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Suppose an investor has the opportunity to buy the following contract, a stock call option, on March 1. The contract allows him to buy 100 shares of ABC stock at the end of March, April, or May at a guaranteed price of $50 per share. He can exercise this option at most once. For example, if he purchases the stock at the end of March, he can’t purchase more in April or May at the guaranteed price. The current price of the stock is $50. Each month, assume that the stock price either goes up by a dollar (with probability 0.55) or goes down by a dollar (with probability 0.45). If the investor buys the contract, he is hoping that the stock price will go up. The reasoning is that if he buys the contract, the price goes up to $51, and he buys the stock (that is, he exercises his option) for $50, he can then sell the stock for $51 and make a profit of $1 per share. On the other hand, if the stock price goes down, he doesn’t have to exercise his option; he can just throw the contract away.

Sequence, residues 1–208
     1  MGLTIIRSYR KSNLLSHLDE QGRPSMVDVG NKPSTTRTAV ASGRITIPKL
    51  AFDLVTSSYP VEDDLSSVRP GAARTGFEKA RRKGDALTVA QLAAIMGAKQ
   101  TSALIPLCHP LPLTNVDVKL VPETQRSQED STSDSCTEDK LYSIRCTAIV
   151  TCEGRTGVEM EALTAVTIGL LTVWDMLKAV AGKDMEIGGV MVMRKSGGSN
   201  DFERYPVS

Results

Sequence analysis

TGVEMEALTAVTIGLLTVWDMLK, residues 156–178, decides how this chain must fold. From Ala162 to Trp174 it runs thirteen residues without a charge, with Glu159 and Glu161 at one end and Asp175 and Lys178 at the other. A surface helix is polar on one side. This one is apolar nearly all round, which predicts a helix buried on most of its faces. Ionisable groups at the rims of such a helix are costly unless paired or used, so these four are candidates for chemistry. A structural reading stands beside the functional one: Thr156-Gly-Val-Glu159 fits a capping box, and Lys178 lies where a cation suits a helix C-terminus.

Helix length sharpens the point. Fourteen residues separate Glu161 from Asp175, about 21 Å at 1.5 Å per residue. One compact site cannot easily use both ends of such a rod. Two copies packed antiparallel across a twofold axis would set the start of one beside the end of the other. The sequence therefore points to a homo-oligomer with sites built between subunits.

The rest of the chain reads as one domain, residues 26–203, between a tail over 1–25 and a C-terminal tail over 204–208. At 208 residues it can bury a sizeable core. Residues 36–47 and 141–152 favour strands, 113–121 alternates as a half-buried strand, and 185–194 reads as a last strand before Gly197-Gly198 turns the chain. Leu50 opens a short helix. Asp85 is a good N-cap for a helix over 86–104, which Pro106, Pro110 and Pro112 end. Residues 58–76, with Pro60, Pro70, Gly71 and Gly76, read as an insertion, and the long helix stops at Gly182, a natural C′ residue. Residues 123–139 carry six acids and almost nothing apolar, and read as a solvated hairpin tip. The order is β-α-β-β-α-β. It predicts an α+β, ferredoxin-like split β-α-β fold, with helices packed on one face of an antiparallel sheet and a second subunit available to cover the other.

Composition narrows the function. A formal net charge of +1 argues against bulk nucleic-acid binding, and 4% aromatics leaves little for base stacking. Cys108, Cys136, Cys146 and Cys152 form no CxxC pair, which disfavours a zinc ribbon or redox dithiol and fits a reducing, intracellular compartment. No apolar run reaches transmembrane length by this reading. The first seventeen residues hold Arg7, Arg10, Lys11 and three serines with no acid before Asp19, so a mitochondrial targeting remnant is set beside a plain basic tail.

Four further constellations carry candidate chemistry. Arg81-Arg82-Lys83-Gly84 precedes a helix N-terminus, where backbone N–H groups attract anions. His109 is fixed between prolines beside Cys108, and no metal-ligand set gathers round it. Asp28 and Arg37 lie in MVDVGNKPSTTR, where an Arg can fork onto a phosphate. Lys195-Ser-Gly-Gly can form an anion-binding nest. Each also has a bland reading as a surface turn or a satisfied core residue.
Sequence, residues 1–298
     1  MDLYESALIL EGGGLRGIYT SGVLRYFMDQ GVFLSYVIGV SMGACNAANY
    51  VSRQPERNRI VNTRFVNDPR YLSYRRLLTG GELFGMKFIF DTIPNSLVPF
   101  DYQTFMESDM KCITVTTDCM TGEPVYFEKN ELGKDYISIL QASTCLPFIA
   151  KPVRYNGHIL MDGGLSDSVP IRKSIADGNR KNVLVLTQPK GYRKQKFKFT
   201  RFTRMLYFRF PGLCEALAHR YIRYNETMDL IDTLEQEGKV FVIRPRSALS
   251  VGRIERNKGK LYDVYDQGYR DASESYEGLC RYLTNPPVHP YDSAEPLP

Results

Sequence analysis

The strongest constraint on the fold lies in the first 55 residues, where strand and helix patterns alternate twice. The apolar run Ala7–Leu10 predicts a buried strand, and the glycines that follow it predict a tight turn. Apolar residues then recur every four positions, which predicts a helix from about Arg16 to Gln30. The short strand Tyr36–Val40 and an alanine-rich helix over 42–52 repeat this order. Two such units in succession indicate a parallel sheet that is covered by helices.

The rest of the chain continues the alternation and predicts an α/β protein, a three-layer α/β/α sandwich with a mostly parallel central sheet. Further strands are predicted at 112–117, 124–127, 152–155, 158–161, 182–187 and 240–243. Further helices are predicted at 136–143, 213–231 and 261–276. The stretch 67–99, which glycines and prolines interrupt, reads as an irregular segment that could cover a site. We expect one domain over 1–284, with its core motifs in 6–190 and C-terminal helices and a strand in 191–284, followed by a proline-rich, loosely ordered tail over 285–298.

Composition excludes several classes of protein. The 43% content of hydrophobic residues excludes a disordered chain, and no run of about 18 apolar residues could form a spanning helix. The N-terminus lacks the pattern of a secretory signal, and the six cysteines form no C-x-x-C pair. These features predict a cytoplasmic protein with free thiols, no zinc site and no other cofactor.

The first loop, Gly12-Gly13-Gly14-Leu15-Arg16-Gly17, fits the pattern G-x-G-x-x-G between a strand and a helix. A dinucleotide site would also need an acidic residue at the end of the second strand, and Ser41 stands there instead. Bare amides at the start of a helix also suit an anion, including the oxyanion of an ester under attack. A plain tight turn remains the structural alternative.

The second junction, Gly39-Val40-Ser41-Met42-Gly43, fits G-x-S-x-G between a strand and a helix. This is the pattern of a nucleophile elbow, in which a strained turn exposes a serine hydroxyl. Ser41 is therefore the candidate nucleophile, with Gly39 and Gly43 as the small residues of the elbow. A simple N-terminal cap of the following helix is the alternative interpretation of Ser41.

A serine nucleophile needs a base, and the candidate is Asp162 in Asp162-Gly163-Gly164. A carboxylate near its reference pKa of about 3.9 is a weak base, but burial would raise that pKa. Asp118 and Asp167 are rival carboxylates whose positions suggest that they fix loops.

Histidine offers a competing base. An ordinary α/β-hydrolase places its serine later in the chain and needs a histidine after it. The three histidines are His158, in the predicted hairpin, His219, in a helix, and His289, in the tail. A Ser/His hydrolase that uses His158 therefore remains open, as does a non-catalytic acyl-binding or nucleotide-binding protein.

a. Use a decision tree to find the investor’s optimal strategy (that is, when he should exercise the option), assuming he purchases the contract.

b. How much should he be willing to pay for such a contract?

a. Use a decision tree to find the investor’s optimal strategy (that is, when he should exercise the option), assuming he purchases the contract.

b. How much should he be willing to pay for such a contract?

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